The video project planted a seed.
From budding musicians to film producers, editors and actors, the stories captured gave the community insight into how the young people were feeling.
Videos like ‘No More Violence’ and ‘Boys Gotta Stop’ (above) spoke to adults and peers to stop fighting, drinking and taking drugs. Others like the ’Marrin Gamu Song’ by Woorabinda State School, celebrated culture and language.
Jobe Adams was a shy 14-year-old who wanted to change negative perceptions about his community. He directed and edited ‘Yolanda’, about his little cousin and her love of her family and Woorabinda, and ‘Buloo’, about a young Indigenous boy who wants to be like his grandfather when he gets older.
Now, the very confident 18-year-old is in front of the camera, studying acting in Sydney.
With support and self-belief, Woorie kids developed a youth leadership group and are running annual youth festivals.
“We have eight-year-olds doing the sound engineering!” a beaming Stephen says. “It showcases the talent, resilience and strength of Woorabinda young people, to challenge themselves and grow.”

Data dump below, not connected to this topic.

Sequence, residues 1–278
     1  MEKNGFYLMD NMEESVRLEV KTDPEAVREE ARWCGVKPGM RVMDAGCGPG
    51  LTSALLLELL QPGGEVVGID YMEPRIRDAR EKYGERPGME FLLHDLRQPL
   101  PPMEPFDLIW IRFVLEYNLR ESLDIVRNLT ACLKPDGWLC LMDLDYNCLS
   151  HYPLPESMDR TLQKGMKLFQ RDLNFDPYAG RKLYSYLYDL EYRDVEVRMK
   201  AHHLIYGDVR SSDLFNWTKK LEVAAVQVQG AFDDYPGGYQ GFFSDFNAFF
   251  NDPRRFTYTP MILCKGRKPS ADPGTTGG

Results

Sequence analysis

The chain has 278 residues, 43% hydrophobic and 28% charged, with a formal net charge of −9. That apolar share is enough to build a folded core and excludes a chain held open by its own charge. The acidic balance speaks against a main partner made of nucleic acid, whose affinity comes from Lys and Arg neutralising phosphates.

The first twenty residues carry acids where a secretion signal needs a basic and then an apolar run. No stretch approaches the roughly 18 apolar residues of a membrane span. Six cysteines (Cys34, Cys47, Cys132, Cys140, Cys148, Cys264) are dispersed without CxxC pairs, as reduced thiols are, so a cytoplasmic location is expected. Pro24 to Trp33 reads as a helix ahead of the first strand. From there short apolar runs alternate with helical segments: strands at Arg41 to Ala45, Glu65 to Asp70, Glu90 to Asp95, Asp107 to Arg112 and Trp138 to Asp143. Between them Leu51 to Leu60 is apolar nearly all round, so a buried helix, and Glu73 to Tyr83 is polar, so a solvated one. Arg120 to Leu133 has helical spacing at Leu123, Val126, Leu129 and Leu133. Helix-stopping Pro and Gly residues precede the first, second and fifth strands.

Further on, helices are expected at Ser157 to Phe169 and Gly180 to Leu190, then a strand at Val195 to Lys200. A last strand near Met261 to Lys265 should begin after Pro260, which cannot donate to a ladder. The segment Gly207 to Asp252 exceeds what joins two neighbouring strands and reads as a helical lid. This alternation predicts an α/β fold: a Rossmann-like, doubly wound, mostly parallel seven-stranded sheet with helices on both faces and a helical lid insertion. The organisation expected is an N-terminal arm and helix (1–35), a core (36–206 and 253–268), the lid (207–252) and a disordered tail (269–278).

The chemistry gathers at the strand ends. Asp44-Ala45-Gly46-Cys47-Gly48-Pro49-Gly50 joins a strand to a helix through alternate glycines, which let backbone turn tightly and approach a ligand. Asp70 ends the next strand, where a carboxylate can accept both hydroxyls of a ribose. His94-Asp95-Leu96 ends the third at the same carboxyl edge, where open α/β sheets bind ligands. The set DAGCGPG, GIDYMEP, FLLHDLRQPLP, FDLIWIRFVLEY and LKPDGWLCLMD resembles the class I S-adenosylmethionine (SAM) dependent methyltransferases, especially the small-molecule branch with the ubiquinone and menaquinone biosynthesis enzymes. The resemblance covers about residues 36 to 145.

Listening, learning, sharing
Stephen grew up in the suburbs of Sydney and had very little knowledge about Aboriginal and Torres Strait Islander peoples. He had never heard of Woorabinda, and never worked in an Aboriginal community.
How Stephen ended up in Woorie, well, “some of the Elders have told me it’s just some things are meant to be.
“Since I’ve been in Woorabinda I’ve learnt everything that I never thought I needed to know, all the lessons that I never knew there were to learn.
“Having spent time in Woorabinda and being adopted into a family here. That’s given me a deeper understanding of issues. I will never feel the impact of intergenerational trauma and I acknowledge there’s things that I will never understand fully in the cultural connections.
“But, I am able to share my understandings with people I went to school with in Sydney, my family, people I studied with and help them gain more perspective about Indigenous people,” Stephen says.
Sam says from the moment he arrived, there was just something special about Stephen.
“You don’t normally see someone who just fits.
“One of the best things that you could do as a non-Indigenous person coming into communities is to absorb. Let the community get to know you. Don’t do too much of the talking, but just a lot of the listening.
“Stephen did a lot of that. That's where he learnt the true essence of what it is living in community with the locals,” Sam says.